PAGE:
It’s this combination of abandoning near perfect cities and starting fresh every ten to twenty minutes that kept me hooked on ISLANDERS. It’s similar to a story I once heard about a vase maker. Each day he would practice and make an entirely new vase to hone his skills. But once finished, he would throw it to the ground and destroy it entirely. Even if the vase was the best he ever made, it would be destroyed so that the focus would always be on improving and honing his skills. Thankfully, ISLANDERS isn’t quite that drastic and there is always a fair bit of randomness involved with the packs you gain, but this ebb and flow of progress and renewal feels really fresh for a puzzle game that keeps a sense of linearity about it, thanks to its score system. While I didn’t really try to aim for the highest scores, I found myself understanding the game’s mechanics better over time which led me to approach the gameplay more strategically, like placing the fields first to give the windmills a bigger score increase. Unlocking packs as soon as they came available and building cities from multiple sides to make sure I wouldn’t keep relying on a singular source of points. I found it a great time to unwind after I’ve had a stressful moment. Knowing that whatever I built it really didn’t matter in the end but did provide me in the moment with a sense of direction and purpose. I can’t say that for many other puzzle games I’ve played.
That being said, the controls on the Nintendo Switch version did take quite some time getting used to. You control the placement of the structures with the right stick, but camera movement is being done with the left stick. Generally I found myself ditching the right stick altogether and focus on using the zoom, camera rotation and rotation to place buildings, because it can be quite difficult to place buildings in between elevated terrain or in very specific places. Since scoring is determined by the spherical area of influence, placement is critical in ISLANDERS. Most often I found myself just gently nudging the left stick to precisely place a building in a specific spot, just to get that difference between 21 and 22 points. Since points are critical for progress it can be quite a chore to get structures in the perfect place. It also has to be said that the game really lacks a good manual for certain types of buildings. While the scoring system for a particular building is always visible in the top right corner, where you can actually place the building is an entirely different matter. Some are obvious, like fisheries can only be located near the edge of a body of water and seaweed farms only in the water itself. But masons can be placed on flat surfaces, as well as in the sides of mountains or even on plateaus that hover above water. Sometimes I was just confused by how to optimally place a building and since there is no grid or indication where a structure can be placed, I found myself dragging it all over the map until I found a good spot for it. Of course this knowledge carries over to new islanders, but since the packs with building types are random, it can take quite a while before you can place the same type of structure again.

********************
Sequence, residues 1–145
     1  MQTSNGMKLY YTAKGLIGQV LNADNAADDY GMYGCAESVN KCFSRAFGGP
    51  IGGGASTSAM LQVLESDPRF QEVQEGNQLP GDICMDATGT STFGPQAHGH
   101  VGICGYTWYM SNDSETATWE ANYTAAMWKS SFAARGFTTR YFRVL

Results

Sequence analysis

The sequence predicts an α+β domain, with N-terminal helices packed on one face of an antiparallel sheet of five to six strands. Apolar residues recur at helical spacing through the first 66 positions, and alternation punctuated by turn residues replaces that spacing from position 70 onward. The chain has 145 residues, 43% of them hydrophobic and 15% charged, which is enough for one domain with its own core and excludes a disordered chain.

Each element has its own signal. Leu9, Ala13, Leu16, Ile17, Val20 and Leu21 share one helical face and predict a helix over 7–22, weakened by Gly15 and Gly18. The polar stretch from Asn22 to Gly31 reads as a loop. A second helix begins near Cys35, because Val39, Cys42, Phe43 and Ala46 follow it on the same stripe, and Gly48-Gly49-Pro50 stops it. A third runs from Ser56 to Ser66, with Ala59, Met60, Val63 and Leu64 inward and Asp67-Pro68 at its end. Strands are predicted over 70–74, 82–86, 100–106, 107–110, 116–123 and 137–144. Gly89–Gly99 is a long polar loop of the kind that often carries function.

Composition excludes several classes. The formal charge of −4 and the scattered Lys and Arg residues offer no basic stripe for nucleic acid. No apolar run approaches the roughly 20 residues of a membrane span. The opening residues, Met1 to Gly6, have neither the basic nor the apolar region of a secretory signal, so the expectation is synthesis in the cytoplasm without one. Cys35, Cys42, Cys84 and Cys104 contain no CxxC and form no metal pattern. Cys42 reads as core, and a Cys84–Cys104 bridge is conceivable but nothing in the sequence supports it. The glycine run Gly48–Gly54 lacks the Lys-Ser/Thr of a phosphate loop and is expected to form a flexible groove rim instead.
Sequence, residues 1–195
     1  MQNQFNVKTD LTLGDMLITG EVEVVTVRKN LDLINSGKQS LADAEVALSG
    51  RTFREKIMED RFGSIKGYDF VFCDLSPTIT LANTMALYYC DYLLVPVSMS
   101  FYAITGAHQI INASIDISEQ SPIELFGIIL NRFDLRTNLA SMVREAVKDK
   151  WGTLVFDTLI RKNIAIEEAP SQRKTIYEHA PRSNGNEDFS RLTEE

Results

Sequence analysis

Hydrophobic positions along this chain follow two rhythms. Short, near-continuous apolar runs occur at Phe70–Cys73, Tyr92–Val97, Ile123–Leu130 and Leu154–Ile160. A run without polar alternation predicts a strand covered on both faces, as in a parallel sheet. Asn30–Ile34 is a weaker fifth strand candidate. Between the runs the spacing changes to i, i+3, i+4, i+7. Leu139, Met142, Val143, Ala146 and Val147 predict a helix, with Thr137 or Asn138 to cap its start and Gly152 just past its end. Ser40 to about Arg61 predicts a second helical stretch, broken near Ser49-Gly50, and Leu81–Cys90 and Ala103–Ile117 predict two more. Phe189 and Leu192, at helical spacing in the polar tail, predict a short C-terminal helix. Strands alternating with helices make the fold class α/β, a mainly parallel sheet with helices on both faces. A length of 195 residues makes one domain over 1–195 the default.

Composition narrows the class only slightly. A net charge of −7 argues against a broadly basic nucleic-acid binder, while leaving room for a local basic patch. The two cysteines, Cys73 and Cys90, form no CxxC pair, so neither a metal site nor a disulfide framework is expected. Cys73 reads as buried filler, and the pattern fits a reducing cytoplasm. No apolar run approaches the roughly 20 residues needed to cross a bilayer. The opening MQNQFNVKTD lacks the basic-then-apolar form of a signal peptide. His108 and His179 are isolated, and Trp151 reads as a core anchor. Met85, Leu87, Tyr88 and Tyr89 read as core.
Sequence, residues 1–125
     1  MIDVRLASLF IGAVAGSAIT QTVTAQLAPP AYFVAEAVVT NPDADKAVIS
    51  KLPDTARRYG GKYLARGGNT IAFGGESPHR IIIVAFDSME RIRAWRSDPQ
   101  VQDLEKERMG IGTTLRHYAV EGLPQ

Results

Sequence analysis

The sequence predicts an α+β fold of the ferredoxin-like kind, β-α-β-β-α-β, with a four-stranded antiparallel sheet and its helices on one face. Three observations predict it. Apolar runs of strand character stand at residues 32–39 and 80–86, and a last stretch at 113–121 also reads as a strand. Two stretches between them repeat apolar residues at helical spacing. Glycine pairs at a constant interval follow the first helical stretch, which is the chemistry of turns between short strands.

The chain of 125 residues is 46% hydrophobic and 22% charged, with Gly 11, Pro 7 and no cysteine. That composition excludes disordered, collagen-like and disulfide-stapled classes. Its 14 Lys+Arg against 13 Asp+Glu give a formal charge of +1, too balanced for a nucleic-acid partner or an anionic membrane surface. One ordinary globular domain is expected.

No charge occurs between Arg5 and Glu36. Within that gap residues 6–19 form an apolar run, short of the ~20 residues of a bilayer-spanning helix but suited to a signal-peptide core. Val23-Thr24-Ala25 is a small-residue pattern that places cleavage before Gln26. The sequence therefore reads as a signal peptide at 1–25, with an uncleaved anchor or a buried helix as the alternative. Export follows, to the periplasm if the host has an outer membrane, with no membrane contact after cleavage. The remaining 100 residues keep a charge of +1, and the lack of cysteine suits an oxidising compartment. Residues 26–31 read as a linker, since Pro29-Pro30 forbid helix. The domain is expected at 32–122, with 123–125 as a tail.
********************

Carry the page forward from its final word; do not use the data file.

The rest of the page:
While ISLANDERS: Console Edition can sometimes feel like a slightly frustrating experience with both its core mechanic of abandoning progress and irritating controls, I’ve still found myself returning to it again and again on Switch. It’s a relaxing little puzzle game that just put me in a fantastic zenlike mood and let my brains focus on finding simple solutions to achieve my own goals. I think that it works wonders for short pick up and play sessions and as something to just keep installed on your Switch to return to over time. I wish the controls were a bit more refined and that some buildings came with a few more tips on where to place them. But for this small package, it has quite a lot of content that kept me satisfied. If you were to send me off to a deserted island and I could only bring one game, this one would certainly be on my list of choices.